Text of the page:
Packer makes a convincing argument that the biggest difference between the history of the 1930s and that of the early 21st century is historical consciousness. In our times, technological change has replaced history as the “change agent” in human affairs. This is more extreme than the belief that history is determined by technology. It means that human enthusiasm, energy, and optimism have been invested in technology to the extent that the very concept of history is fading away.

History has become a site of depression in more than economic terms. The cover of the issue carrying Packer’s story about Depression literature (see the link above) is titled “Shadows Over Boston.” It shows disembodied legs running in the bright sunlight that cast ominous shadows of those legs in the foreground. The image alludes to the bombings that concluded this year’s running of the Boston Marathon, but it also represents more generally how we think of history these days. Run as hard and fast we might, it ends in catastrophe.

The paradox is that the more we humans strive to control our world through “technology,” the less we feel in control of the historical world….and yet we keep returning to technology to get us out of the loop. Maybe taking a MOOC will lead to inventing an app that will make a difference…… This is the mindset that seems to animate the most recent graduate of MIT as much as Anant Agarwal, who leads edX for MIT. Salvation is a start-up. That is where hope is to be found. There seems something equivalent to the speed of light squared at work in transmuting the mass of history into the explosive energy of technology.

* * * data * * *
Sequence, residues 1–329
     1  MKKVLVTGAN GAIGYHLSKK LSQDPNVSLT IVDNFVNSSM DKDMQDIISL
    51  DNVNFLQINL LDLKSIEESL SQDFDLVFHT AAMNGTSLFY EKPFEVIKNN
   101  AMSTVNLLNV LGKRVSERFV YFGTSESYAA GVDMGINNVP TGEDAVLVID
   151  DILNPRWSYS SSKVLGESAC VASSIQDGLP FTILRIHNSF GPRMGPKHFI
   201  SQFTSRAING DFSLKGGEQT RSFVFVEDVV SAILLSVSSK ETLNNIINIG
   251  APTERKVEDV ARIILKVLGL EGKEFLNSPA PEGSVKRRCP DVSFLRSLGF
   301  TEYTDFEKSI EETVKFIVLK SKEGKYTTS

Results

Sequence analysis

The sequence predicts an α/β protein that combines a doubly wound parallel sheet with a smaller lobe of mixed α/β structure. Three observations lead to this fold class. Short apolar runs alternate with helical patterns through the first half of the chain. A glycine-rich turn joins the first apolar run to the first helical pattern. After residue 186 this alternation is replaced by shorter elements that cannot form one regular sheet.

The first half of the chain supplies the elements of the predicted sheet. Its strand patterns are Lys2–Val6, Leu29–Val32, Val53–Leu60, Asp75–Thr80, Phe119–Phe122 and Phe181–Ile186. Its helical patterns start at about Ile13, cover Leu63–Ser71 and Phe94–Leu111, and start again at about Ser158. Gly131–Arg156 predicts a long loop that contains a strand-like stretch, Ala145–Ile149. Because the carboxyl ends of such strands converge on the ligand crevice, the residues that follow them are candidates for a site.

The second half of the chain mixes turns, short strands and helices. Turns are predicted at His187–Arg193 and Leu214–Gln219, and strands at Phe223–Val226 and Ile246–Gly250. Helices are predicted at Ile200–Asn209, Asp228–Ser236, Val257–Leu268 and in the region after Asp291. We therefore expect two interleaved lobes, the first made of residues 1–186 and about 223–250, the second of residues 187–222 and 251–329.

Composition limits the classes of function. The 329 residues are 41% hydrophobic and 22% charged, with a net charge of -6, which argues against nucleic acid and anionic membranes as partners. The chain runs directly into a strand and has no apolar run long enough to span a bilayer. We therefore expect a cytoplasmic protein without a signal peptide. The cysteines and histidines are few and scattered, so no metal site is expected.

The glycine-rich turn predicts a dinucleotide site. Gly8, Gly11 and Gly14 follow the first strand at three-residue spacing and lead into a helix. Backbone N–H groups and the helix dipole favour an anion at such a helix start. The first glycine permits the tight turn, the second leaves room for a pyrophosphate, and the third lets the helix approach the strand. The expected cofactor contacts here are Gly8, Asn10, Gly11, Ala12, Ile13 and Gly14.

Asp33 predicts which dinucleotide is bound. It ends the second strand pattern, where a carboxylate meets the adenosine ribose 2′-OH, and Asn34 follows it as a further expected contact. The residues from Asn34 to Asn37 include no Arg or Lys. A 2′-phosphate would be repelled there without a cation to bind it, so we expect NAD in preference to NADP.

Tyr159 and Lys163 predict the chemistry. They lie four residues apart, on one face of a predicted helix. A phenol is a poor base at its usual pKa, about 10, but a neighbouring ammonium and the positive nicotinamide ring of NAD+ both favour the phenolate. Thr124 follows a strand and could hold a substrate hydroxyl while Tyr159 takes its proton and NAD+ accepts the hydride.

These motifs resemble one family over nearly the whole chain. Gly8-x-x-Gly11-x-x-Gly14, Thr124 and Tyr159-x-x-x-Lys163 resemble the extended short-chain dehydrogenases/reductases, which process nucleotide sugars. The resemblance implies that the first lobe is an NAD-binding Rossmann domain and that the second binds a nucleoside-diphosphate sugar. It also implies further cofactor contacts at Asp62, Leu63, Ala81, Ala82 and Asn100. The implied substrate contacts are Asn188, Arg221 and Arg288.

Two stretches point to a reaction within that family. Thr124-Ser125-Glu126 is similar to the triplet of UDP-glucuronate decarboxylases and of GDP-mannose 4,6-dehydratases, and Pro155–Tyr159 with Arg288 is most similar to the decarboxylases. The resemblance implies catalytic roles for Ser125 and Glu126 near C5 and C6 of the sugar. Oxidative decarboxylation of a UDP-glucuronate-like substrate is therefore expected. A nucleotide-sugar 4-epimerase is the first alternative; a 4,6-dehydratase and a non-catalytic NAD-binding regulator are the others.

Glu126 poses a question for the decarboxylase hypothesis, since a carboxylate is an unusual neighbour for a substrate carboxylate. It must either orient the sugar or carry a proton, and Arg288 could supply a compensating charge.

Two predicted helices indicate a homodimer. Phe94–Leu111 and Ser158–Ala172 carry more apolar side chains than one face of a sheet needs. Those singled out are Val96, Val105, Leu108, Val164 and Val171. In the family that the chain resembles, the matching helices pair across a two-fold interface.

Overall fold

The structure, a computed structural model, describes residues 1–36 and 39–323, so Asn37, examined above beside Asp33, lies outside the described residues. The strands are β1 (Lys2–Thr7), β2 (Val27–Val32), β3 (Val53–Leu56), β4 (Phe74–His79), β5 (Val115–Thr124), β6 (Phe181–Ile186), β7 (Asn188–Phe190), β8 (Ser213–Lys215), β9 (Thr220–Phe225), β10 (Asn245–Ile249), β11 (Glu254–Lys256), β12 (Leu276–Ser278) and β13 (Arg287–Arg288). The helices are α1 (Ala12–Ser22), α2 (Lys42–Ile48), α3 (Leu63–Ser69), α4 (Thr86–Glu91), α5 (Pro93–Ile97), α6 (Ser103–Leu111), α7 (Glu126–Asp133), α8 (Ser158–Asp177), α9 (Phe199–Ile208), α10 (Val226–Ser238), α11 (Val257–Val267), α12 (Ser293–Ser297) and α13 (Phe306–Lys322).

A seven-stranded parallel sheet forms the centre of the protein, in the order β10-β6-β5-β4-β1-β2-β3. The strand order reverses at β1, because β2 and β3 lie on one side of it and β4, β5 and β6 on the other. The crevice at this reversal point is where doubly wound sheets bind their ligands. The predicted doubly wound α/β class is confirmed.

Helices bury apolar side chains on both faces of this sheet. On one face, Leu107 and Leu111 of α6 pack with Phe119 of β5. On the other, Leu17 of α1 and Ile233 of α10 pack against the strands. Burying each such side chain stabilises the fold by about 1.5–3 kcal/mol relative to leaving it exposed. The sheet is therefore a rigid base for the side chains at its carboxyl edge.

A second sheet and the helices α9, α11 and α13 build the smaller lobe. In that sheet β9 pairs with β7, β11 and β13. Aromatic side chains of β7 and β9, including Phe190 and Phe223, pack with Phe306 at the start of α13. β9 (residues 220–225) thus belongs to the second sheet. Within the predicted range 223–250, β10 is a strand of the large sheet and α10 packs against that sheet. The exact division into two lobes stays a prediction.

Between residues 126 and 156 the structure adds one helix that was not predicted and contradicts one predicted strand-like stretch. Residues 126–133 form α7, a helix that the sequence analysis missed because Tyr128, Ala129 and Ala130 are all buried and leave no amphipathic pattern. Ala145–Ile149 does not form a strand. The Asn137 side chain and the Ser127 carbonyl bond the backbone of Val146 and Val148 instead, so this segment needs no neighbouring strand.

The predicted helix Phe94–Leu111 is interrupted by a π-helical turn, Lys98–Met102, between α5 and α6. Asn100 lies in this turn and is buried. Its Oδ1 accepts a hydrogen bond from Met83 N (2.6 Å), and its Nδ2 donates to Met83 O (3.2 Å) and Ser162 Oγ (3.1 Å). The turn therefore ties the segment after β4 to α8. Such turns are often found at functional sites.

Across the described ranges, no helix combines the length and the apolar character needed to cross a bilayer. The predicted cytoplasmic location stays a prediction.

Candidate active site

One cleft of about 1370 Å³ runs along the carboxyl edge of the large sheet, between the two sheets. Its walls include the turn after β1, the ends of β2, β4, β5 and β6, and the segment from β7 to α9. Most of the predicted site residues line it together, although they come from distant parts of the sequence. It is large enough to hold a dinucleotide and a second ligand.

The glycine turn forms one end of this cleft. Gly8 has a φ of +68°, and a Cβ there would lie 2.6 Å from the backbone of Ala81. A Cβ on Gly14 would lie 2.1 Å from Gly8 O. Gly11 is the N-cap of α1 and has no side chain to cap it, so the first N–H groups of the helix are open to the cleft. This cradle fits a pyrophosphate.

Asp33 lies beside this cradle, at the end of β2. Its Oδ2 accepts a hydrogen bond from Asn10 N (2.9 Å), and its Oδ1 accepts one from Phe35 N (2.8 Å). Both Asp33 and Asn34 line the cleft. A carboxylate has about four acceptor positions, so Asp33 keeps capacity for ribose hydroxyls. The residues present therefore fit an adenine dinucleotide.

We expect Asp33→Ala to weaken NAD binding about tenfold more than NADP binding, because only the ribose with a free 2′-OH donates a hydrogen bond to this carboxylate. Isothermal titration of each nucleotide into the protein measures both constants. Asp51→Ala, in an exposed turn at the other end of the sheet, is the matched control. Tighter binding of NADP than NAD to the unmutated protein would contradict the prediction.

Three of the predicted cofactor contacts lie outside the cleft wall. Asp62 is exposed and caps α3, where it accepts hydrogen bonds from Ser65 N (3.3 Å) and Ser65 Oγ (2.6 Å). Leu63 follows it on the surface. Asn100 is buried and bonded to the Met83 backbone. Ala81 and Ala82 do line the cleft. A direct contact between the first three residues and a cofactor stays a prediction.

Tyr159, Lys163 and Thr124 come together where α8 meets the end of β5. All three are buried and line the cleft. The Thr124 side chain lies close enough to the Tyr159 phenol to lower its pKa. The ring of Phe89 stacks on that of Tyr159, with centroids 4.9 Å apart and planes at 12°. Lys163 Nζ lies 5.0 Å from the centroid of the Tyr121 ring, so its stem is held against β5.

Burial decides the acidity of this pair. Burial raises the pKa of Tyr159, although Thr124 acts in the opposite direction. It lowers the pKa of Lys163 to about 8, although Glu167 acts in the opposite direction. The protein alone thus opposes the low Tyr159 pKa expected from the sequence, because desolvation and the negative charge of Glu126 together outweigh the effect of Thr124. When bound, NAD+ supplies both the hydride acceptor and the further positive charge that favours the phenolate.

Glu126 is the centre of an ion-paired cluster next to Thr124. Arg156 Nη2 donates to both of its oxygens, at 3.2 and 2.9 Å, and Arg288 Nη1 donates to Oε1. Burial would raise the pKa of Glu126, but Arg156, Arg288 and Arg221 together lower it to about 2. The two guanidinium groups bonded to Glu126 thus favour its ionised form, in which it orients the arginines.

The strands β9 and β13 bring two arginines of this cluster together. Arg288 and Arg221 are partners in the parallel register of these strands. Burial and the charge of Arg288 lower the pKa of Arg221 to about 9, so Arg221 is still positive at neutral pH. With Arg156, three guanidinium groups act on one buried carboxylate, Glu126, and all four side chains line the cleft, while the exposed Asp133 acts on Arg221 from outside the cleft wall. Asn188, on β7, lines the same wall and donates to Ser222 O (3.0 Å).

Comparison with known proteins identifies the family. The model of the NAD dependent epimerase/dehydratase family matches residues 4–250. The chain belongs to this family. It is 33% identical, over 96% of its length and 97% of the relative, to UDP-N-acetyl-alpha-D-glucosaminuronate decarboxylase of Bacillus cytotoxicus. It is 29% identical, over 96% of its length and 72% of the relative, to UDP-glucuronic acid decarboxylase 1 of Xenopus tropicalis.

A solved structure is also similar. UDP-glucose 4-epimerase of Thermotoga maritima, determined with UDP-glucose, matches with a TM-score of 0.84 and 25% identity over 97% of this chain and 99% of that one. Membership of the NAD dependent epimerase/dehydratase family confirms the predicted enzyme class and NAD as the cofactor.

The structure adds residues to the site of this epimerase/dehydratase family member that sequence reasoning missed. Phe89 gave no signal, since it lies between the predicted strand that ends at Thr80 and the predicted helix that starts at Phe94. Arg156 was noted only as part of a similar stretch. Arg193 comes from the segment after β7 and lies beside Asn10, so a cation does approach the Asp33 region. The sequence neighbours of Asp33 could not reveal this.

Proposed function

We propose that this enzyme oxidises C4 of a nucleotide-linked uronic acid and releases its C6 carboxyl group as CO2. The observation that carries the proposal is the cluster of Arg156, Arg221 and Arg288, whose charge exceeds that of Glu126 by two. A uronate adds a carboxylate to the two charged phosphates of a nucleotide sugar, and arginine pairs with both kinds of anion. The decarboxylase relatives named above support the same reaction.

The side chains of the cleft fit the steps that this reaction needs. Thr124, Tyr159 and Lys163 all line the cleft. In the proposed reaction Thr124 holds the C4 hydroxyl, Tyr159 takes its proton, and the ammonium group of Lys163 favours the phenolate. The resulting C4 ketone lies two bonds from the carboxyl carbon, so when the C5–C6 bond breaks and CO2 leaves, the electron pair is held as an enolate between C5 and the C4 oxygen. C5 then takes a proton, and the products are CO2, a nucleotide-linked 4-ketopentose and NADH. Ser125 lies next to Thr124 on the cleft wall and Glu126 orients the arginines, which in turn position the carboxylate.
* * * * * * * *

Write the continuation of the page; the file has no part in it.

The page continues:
To restore historical consciousness, the last thing we need is “ a foundational theory of history” (David Brooks’ advice to Packer in his review of The Unwinding in today’s New York Times Book Review). Considering the trajectory of the last big foundational theory, that of Marxism, this does not seem a good path. Human beings need salient examples, often told in stories, more than theories to regenerate conviction that history can be a source of human power. A good story to start is the civil rights movement that became a national movement fifty years ago this spring. There was no foundational theory behind it. There was a conviction that history has an arc, that the arc bends towards justice, and that what individuals and groups did could help make it bend. There is no better way to greet the summer than to take a little time off to read and think about how to make history work this way again.